As I See It
“Bush Diplomacy” is an oxymoron. If you are serious about resolving international differences through diplomacy, you don’t start out by publicly insulting your counterpart, treating him with disdain, if not outright contempt, and threatening his country with destruction.
By so doing, you have closed the door on any possibility of a peaceful resolution of whatever differences may exist. Successful diplomacy requires leaving your opponent a way out – a way to save face.
Just about anywhere, and particularly in Texas, calling someone a low-down lyin’, cheatin’ varmint will be taken as “fightin’ words.” After that, there’s little possibility of a peaceful outcome.
Early in his administration, when a U.S. spy plane was forced down on the Chinese island of Hainan, President Bush sent the Chinese government a terse demand for the immediate return of the plane. This was met with an equally terse rebuff from the Chinese. Only when Bush adopted a more conciliatory attitude was he able to get the plane back.
Since then, our president expressed a loathing for North Korea’s leader, Kim Jong Il, and did not rule out the possibility of a nuclear attack against that country.
Then, much to his surprise, he received in return a similar threat from Kim Jong Il – what else would you expect, especially from a loose cannon like Kim Jong Il? It is no wonder that Kim Jong Il, in his paranoia about U.S. intentions, felt threatened enough to feel justified, even obligated, to redouble his efforts to develop a nuclear arsenal.
What President Bush has to take into account in his dealings with the leaders of other nations (also in dealing with the United Nations) is that these people have egos as great as, maybe even greater than, his. Even though the leaders of many of the countries he has to deal with may be unsavory at best, he has to learn to conceal his loathing and contempt for them and treat them, not necessarily with respect, but at least with civility. This goes equally for our hoped-for friends and allies as well as for our supposed enemies. You will not win many arguments with these people by lecturing them like errant children or incompetent servants. And with an overweening attitude of superiority, it will be almost impossible to arrive at a peaceful resolution of differences. This could commit us to an unending series of conflicts with countries whose leaders are not acceptable to our president.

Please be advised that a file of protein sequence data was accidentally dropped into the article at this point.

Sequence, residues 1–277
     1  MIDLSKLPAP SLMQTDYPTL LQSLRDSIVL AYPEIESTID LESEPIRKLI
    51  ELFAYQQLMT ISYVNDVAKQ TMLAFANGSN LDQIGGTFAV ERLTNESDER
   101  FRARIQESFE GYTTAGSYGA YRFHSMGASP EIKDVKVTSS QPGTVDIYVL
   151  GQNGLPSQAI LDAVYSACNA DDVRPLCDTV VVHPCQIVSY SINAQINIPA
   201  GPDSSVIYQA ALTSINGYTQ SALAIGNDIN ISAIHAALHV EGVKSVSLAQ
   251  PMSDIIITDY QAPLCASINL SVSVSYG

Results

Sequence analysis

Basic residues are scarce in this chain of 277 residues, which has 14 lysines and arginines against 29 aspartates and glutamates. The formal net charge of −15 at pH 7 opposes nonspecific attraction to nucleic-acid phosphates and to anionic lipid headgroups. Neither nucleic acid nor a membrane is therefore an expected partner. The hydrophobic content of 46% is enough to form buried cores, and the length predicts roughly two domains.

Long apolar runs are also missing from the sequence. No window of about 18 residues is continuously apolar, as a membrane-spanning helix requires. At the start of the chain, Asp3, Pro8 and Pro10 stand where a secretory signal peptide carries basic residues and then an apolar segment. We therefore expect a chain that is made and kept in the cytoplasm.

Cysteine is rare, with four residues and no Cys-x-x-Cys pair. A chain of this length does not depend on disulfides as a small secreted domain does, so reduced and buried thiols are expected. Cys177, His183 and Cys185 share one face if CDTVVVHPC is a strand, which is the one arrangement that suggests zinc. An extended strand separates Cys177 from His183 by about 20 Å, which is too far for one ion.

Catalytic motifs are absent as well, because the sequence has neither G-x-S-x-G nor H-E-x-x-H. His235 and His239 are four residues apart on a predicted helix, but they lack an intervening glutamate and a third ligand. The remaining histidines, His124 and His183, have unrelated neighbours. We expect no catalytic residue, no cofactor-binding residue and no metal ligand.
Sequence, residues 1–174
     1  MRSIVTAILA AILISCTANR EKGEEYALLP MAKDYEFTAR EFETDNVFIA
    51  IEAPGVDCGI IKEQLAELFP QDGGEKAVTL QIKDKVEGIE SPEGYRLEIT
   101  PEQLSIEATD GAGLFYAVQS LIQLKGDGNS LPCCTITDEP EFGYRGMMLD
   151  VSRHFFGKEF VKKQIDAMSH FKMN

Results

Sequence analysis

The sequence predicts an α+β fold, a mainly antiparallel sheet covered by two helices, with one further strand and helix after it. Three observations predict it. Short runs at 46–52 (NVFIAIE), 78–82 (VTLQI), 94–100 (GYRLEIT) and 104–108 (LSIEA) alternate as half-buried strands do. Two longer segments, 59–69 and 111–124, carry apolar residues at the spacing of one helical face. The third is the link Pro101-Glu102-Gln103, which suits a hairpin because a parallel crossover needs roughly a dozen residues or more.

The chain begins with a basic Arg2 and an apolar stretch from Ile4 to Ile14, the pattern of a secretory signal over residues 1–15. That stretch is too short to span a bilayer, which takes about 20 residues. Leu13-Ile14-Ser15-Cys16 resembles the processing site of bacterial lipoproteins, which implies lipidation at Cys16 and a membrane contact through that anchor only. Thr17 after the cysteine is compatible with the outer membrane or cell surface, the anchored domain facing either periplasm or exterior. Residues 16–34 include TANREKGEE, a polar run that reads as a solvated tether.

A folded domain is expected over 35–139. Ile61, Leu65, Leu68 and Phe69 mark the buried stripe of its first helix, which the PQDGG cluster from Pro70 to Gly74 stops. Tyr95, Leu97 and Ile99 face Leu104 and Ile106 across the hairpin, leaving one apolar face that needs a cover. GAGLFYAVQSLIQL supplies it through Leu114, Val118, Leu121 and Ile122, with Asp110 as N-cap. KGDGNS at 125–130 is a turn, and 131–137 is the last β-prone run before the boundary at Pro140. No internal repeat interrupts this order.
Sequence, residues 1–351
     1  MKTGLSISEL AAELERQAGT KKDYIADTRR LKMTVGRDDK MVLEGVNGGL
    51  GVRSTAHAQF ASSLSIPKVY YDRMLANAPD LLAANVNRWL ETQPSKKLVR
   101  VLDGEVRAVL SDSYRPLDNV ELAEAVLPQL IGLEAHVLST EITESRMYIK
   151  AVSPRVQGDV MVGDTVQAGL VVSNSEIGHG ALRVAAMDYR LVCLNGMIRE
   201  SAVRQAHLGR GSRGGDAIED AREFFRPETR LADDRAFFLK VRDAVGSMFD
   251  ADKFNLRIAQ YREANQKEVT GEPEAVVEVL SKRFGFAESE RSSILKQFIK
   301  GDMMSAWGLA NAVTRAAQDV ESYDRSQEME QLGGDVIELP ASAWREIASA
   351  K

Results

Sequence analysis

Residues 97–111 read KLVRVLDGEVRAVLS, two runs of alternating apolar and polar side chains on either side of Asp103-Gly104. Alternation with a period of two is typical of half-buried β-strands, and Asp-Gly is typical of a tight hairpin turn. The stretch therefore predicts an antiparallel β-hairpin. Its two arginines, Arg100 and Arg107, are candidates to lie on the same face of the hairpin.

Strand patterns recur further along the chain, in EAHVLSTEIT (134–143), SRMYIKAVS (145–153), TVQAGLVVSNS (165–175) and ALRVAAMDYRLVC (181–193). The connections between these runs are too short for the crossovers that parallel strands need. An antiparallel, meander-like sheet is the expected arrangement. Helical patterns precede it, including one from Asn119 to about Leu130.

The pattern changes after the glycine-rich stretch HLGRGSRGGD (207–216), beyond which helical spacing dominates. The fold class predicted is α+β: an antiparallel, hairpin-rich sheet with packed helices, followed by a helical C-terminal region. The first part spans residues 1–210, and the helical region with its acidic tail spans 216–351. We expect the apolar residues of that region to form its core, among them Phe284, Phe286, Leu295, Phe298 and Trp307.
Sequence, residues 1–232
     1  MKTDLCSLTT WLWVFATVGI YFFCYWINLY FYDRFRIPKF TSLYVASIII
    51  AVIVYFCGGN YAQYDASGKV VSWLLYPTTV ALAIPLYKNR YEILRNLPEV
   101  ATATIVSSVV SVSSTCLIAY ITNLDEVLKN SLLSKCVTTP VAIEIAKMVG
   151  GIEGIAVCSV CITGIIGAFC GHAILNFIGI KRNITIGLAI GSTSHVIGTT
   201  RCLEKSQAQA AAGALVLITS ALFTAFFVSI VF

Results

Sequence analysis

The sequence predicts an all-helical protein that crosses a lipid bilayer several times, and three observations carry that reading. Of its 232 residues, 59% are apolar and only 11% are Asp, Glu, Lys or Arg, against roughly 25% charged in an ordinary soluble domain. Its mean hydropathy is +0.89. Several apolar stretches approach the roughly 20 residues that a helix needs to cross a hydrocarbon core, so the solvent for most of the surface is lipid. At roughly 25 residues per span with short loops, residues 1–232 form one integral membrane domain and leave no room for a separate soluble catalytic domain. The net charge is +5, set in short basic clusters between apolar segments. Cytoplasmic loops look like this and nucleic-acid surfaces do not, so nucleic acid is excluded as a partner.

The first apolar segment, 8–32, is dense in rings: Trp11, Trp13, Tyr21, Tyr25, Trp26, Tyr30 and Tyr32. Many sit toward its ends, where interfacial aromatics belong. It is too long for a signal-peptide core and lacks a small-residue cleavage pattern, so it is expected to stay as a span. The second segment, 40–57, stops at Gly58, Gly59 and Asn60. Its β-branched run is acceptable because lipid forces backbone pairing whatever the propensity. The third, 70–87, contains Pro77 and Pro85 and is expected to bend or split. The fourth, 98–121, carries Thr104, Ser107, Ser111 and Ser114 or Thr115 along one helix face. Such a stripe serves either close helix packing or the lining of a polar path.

In his dealings with Iraq, Bush has let Saddam Hussein know that if the United Nations inspectors find any weapons of mass destruction, he will launch a war on Iraq; he has also stated that if the United Nations inspectors do not find any weapons of mass destruction, it must be because they are being hidden from the inspectors, and therefore he will launch a war on Iraq. Sort of damned if you do, and damned if you don’t. What it all adds up to is that George W. Bush is totally obsessed with attacking Iraq and is determined to let neither facts nor public or world opinion stand in his way.
The arrogance which dominates Bush’s foreign policy carries over into his dealings with Congress. He advocates a bipartisan policy on both foreign and domestic issues, but his definition of bipartisanship is that it has to agree with what he wants.
A friend of mine kept an admonition pinned on the wall near his telephone which read “Engage brain before putting mouth in gear.” It might be a good idea if he would send a copy to our President. But he would most likely totally ignore it, and we will pay the price in lives, and money for which so many domestic needs cry out.
Glenwood Springs resident Hal Sundin’s column runs every other Thursday.
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This will be my 500th column — my final column in the Glenwood Springs Post Independent.